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Susan Pease Gadoua Headshot

What Marriage Really Needs Is for Us to Get "Whys"

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MARRIAGE QUESTION
alamy

This week in headlines, we heard that Mexico is introducing legislation that will potentially put time frames around marriage with the minimum contract lasting two years.

There are now approximately 26 countries throughout the world that recognize civil unions, domestic partnerships and same sex marriages.

While I see these nuptial changes as positive evolution, I feel that we still have a one-size-fits-all model for partnering in a culture that increasingly celebrates our differences. These newer proposals are simply time-limited and toned-down versions of the same thing with the same expectations.

The elephant in the room (or, should I say at the altar) is the question that has, to my knowledge, never been asked and that is, "Why are people creating these special unions?" My guess is that no one asks "why" because it is assumed that love is the only answer anyone would give -- or the only right answer -- to that question. Yet, there are many additional unspoken reasons people have for tying the knot.

Let's examine just the most surface level of demographics (age, socio-economic status, and family size) and see what happens. Do those who marry out of college marry for the same reason as the empty nester divorcees do? Do those who come from meager financial means marry for the same reason the wealthy do? Do those who want to find a good parent for their children marry for the same reason as the couple who accidentally got pregnant does?

In all of the academic and media discussions about marriage and divorce, there has been no distinction between any of these groups or classes. The unspoken assumption is that everyone who marries at 25 is doing so in order to have kids, raise a family and live happily ever after. I suppose people don't think further ahead than that because divorce is not supposed to happen.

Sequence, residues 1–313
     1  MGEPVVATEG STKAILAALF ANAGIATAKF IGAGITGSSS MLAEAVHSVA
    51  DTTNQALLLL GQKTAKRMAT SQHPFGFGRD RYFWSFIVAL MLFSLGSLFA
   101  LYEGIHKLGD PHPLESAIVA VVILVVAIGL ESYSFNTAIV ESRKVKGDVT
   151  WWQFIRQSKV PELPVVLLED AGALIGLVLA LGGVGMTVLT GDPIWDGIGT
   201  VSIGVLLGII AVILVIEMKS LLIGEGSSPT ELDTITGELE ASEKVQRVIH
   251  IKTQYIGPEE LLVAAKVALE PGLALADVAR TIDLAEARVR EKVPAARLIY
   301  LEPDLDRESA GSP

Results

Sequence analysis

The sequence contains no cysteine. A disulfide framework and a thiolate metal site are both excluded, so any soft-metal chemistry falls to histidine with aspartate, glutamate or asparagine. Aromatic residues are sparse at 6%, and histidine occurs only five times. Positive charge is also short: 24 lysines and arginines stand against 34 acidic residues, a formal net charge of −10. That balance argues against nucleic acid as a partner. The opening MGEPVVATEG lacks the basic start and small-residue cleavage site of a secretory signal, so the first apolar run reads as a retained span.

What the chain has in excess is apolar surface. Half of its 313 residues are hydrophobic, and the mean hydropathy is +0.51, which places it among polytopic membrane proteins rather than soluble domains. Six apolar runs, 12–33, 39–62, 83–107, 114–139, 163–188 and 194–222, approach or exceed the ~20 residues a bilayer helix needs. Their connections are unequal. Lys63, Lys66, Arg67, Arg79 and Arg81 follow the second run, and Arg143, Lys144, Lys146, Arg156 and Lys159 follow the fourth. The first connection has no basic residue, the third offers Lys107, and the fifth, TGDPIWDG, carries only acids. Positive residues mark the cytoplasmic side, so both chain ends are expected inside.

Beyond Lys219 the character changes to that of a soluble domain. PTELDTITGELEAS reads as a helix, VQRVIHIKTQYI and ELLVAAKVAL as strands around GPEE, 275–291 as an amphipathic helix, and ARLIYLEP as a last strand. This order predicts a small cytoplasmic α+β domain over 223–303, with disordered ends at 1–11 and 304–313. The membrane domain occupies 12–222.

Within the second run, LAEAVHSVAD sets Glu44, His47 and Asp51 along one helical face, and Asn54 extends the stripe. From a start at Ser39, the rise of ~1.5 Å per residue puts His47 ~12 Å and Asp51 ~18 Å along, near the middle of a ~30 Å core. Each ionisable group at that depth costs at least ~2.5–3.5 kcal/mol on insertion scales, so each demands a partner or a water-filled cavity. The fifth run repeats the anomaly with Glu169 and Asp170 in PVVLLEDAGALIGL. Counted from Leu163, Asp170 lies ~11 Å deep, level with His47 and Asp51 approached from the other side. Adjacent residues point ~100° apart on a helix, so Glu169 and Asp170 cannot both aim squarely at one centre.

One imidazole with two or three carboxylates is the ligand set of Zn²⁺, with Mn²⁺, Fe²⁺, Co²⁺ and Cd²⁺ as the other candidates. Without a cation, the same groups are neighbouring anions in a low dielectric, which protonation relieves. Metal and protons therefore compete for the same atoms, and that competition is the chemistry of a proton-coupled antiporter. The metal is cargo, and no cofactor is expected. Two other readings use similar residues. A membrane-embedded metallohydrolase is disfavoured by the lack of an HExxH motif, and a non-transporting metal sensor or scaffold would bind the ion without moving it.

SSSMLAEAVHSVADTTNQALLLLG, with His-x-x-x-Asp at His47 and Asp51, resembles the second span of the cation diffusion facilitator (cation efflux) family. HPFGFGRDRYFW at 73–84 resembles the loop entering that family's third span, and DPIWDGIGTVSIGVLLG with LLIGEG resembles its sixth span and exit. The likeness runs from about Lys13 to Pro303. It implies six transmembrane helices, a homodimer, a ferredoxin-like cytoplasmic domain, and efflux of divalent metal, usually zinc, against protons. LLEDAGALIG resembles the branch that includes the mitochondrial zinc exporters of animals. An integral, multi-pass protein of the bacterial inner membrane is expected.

But divorce is happening and it is here to stay. In fact, I think one of the main reasons it is so common is that people have not asked themselves why, other than for love, they want to marry. And marriage, if it is to thrive, sorely needs an overhaul.

If it were acceptable for people to wed for a variety of reasons, perhaps we would see contracts of 20 years for a parenting marriage,* five-year renewable contracts for a financial security marriage, and two-year renewable agreements for companionship marriages.

*(parenting marriages could be renewable but, given that kids and co-parenting are a major reason spouses fight and ultimately divorce, most may not want to renew the contract).

Then those who married would go into the union knowing exactly what was expected of them and how long it would last. Rather than a one-size-fits-all institution, people could pick the type and length of marriage they truly wanted. Marriages with an agreed upon agenda and end date would then terminate naturally.

Instead of holding everyone in the culture to a single standard "forever," which is at the very least unfair if not impossible, people in this modern model of marriage would be set up to succeed.

And then everyone would live happily ever after.